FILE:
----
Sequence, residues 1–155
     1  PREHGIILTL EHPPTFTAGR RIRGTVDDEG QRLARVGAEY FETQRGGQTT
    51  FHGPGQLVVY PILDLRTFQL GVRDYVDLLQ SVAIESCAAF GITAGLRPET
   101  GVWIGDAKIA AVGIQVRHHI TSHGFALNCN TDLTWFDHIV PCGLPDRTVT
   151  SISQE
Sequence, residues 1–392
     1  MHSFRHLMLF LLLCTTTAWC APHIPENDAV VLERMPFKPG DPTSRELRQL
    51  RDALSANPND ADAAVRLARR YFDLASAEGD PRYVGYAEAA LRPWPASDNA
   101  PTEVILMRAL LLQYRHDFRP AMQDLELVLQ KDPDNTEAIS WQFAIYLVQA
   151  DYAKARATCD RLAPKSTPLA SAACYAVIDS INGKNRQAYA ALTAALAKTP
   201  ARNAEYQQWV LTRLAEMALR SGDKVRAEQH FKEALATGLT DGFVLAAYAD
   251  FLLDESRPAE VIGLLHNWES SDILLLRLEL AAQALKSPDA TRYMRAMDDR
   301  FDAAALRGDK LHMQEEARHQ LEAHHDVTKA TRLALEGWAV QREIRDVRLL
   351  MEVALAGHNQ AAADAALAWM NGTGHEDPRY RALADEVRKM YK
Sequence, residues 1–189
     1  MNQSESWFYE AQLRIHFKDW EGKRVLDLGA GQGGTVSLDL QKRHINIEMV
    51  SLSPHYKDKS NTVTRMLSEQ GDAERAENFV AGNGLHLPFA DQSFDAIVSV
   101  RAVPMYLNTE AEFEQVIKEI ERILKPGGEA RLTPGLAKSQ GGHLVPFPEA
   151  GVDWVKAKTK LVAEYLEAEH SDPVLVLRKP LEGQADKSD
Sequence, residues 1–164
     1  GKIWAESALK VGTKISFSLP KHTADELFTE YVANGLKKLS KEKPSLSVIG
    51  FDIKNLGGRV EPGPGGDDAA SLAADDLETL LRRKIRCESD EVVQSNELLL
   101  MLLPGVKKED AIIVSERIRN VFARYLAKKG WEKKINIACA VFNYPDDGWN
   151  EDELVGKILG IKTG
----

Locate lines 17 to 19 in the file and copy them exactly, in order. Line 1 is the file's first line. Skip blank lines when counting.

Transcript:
    51  SLSPHYKDKS NTVTRMLSEQ GDAERAENFV AGNGLHLPFA DQSFDAIVSV
   101  RAVPMYLNTE AEFEQVIKEI ERILKPGGEA RLTPGLAKSQ GGHLVPFPEA
   151  GVDWVKAKTK LVAEYLEAEH SDPVLVLRKP LEGQADKSD